Target Product Profiles in Drug R&D – Regulatory Profiles

Target Product Profiles in Drug R&D – Regulatory Profiles

Regulatory Target Product Profiles (RTPPs) 

RTPPs describe the aims of a drug development programme in terms of labelling concepts. They can be used by regulatory agencies to quickly see the claims the developer is aiming for with a new drug and therefore the data, experimentation and clinical trials needed to support these claims from the regulatory perspective.  

 An RTPP is a valuable reference document that helps the drug developer and regulatory agency understand the entire drug development process, from pre-investigational new drug application (pre-IND) through post-approval programs to pursue new labeling claims or indications. An RTPP is not a necessarily a fixed description of the aims of drug development but may change as more becomes known about the nature of the drug under development.  

  • Possible sections of an RTPP could include:  
  • Therapeutic area  
  • Indications and usage  
  • Patient population  
  • Dosage, dosage form and administration  
  • Claims and labelling  
  • Clinical pharmacology  
  • Proposed clinical programme and data to be provided  
  • Toxicology programme and data to be provided  
  • Contraindications and drug interactions  
  • Adverse reactions  
  • Warnings and precautions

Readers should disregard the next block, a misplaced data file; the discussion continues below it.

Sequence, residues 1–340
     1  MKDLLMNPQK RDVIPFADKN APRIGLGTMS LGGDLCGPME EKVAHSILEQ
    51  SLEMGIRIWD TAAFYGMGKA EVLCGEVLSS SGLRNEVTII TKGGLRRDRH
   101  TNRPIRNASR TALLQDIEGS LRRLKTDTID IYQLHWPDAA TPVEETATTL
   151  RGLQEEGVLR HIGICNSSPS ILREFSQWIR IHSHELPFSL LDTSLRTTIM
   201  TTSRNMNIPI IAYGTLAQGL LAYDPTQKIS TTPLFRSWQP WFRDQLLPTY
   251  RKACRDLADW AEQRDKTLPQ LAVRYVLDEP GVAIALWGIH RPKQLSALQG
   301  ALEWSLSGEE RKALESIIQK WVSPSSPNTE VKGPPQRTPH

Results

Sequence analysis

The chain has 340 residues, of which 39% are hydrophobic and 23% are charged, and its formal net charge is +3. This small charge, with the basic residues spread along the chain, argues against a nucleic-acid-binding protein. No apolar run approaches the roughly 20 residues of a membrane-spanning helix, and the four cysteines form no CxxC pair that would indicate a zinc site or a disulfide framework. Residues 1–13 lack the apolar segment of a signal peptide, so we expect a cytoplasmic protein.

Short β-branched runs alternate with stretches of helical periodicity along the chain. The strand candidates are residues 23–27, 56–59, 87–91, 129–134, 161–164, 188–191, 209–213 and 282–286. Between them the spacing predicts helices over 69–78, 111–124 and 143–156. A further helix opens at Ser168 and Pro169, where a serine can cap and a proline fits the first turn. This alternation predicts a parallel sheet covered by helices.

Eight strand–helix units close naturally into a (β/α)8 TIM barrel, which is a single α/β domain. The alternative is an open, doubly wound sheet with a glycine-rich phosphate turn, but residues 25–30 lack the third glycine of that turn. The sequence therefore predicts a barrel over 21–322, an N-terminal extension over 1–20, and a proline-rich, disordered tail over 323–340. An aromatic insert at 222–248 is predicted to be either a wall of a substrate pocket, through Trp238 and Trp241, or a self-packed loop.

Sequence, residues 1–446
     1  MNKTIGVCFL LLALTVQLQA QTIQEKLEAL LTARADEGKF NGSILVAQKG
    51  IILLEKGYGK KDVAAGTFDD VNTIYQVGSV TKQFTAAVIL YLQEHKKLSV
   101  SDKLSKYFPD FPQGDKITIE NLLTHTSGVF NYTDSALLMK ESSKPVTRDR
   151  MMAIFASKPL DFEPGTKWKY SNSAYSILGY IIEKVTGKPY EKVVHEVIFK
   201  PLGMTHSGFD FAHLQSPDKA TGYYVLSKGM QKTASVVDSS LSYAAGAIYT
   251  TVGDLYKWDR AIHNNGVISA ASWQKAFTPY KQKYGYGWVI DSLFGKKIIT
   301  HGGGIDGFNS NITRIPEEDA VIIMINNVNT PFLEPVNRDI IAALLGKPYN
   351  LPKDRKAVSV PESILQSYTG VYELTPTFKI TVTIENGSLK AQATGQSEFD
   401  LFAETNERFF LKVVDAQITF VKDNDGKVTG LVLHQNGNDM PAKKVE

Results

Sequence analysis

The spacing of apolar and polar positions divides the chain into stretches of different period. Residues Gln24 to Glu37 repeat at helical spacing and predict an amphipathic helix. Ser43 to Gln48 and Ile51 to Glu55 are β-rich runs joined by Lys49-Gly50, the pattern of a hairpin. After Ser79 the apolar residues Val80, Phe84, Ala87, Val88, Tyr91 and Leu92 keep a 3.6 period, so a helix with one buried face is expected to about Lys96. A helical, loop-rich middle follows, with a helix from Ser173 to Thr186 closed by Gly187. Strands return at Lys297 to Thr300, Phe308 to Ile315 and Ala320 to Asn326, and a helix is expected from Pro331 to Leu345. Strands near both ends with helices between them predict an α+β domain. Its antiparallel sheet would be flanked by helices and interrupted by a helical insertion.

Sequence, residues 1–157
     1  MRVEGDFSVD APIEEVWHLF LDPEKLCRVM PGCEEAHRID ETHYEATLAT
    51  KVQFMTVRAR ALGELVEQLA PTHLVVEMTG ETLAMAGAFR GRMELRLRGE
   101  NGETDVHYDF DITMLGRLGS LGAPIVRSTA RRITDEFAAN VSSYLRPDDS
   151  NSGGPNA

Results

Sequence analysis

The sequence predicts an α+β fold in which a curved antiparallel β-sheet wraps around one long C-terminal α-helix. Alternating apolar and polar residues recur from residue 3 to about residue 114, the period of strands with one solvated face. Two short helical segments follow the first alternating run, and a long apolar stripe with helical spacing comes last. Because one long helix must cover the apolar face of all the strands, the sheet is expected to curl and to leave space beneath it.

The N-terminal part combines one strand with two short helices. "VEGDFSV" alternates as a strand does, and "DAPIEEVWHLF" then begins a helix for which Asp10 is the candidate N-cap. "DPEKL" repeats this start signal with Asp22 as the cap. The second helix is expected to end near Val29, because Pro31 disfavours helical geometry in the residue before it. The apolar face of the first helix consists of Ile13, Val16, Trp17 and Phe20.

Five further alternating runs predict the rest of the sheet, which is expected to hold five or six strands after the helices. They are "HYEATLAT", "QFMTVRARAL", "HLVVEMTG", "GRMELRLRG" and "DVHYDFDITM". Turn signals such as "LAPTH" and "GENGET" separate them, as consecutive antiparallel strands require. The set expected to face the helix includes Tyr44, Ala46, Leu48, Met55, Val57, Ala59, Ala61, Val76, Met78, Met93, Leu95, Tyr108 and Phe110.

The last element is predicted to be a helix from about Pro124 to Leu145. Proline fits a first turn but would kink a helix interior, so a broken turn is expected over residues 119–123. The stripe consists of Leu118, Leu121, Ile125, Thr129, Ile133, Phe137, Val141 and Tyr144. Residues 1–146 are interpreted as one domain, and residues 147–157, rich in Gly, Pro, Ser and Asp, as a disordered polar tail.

• Potential for abuse  
  • References  

 A well-organized RTPP enables the drug developer to make best use of resources through focused interactions with regulatory agencies. It can also help to:  

  • Ensure the alignment of data collection and trial end points with regulatory requirements  
  • Enable the timely collection of safety data  
  • Improve labelling content  
  • Potentially reduce the time to patient  

 However, care must be taken with Regulatory TPPs. They can certainly enable the regulatory process but may not lead to successful drugs from the developer’s perspective. Careful referencing of the Aspirational TPP should be made to ensure that the developer’s critical objectives for the drug are being met, or experiments are being designed and data collected to test whether the drug can meet these objectives.  

Here we have described TPPs in terms of 3 different forms to aid understanding of their different uses and forms and who they be most useful for. 

 A general introduction to the three kinds of TPP, plus more detail on the other two, are available in related articles in this section. 

 Our associates have many years’ experience in the use of TPPs. Get in touch with us – we’d be pleased to talk to you about TPP development and use.  

 Written by Graham Finch, Nick Brindley, Mike Florence and Pauline Stewart-Long 

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